In Going to War in Iraq: When Citizens and the Press Matter, Stanley Feldman, Leonie Huddy and George E. Marcus seek to challenge the existing rhetoric surrounding the Iraq war by examining the relationship between the US press and the public in the build-up to the invasion. Although their arguments are not necessarily ground-breaking, Laura Brechlin nonetheless welcomes the […]

January 24th, 2016|Book Reviews, Featured|1 Comment|
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    Book Review: The Rise and Fall of the UK Film Council by Gillian Doyle, Philip Schlesinger, Raymond Boyle and Lisa W. Kelly

Book Review: The Rise and Fall of the UK Film Council by Gillian Doyle, Philip Schlesinger, Raymond Boyle and Lisa W. Kelly

In The Rise and Fall of the UK Film Council, Gillian Doyle, Philip Schlesinger, Raymond Boyle and Lisa W. Kelly explore the shifting importance given to film policy in Britain by focusing on the establishment of the UK Film Council under the Labour government that came to power in 1997. This organisational study gives a cogent and lucid account […]

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    Book Review: Contentious Politics by Charles Tilly and Sidney Tarrow

Book Review: Contentious Politics by Charles Tilly and Sidney Tarrow

In the second edition of Contentious Politics, Charles Tilly and Sidney Tarrow explore various forms of political contention through a number of case studies including those on the Occupy movement, revolutions in the Middle East and the campaign for free and fair elections in Hong Kong. Sophie Long praises this volume for the utility of its conceptual framework, which underscores the crucial role that […]

January 10th, 2016|Book Reviews, Featured|0 Comments|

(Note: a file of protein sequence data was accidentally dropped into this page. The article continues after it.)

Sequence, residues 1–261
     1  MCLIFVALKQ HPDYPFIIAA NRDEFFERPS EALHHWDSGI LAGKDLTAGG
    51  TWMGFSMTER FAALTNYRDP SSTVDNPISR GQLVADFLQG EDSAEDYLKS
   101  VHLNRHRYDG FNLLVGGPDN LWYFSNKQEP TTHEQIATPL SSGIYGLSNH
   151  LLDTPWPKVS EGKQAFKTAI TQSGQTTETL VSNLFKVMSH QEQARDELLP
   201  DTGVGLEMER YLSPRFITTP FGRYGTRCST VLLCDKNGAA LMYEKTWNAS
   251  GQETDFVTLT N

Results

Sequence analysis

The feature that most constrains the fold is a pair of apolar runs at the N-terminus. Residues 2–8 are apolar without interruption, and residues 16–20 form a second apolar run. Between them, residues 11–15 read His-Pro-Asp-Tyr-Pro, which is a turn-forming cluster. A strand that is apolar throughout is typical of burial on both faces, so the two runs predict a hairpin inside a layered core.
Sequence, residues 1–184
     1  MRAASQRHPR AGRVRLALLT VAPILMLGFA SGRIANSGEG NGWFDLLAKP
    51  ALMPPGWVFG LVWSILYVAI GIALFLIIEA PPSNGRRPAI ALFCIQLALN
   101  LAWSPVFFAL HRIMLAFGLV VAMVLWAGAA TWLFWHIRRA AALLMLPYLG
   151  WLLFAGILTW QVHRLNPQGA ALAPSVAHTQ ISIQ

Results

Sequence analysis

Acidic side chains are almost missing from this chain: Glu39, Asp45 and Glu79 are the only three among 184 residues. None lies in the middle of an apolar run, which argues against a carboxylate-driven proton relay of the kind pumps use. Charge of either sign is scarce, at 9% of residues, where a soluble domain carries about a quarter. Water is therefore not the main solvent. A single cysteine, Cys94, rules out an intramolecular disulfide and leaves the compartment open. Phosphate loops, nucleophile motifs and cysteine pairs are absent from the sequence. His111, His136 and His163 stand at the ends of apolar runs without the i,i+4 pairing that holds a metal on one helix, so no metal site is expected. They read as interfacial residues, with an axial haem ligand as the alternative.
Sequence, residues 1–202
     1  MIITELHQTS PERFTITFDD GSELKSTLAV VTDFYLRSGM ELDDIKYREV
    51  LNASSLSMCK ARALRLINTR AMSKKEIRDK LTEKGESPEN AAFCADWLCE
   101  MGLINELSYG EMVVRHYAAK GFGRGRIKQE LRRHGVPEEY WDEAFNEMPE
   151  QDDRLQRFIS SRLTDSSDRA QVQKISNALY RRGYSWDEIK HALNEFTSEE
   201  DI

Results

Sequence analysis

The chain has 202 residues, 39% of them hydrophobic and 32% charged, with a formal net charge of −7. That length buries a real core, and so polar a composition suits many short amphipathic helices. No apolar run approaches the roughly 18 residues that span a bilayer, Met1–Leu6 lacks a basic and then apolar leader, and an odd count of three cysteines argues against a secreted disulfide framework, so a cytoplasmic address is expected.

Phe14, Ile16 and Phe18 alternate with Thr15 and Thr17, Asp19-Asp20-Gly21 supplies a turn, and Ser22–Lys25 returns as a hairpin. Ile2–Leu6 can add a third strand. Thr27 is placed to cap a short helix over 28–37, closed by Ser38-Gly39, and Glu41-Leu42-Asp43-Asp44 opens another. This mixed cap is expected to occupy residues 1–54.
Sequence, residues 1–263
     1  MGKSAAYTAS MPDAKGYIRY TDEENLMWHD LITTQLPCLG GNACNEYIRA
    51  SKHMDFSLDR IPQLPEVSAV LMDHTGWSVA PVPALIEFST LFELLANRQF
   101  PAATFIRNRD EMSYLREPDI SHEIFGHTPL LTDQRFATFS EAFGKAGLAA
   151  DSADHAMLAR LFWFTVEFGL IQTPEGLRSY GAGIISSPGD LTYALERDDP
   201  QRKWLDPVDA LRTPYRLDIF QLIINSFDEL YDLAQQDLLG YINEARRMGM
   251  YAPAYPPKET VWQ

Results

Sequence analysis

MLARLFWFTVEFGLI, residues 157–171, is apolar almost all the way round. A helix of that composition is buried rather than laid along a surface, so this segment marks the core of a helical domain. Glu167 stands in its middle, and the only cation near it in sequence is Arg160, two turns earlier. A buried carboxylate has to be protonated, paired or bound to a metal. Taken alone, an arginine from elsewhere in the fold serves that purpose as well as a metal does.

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    Book Review: Taking Power Back: Putting People in Charge of Politics by Simon Parker

Book Review: Taking Power Back: Putting People in Charge of Politics by Simon Parker

In Taking Power Back: Putting People in Charge of Politics, Simon Parker argues for urgent reform of the UK’s centralised democracy. Tony Travers welcomes this book as a well-researched account that both outlines the historical decline of local government in the UK and proposes innovations through which citizens can gain more direct control over their own lives. However, public […]

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    Book Review: Postcapitalism: A Guide to Our Future by Paul Mason

Book Review: Postcapitalism: A Guide to Our Future by Paul Mason

In Postcapitalism: A Guide to Our Future, Paul Mason outlines the emergence of a new economic paradigm – postcapitalism – partly instigated by rapid developments in information technologies. For Mason, technological innovation fosters myriad changes that can challenge the traditional categories of classical economics to instead offer the possibility of forging a more socially just and sustainable economy. While […]

December 20th, 2015|Book Reviews|0 Comments|
Creative Commons Attribution-NonCommercial-NoDerivs 3.0 Unported
This work by British Politics and Policy at LSE is licensed under a Creative Commons Attribution-NonCommercial-NoDerivs 3.0 Unported.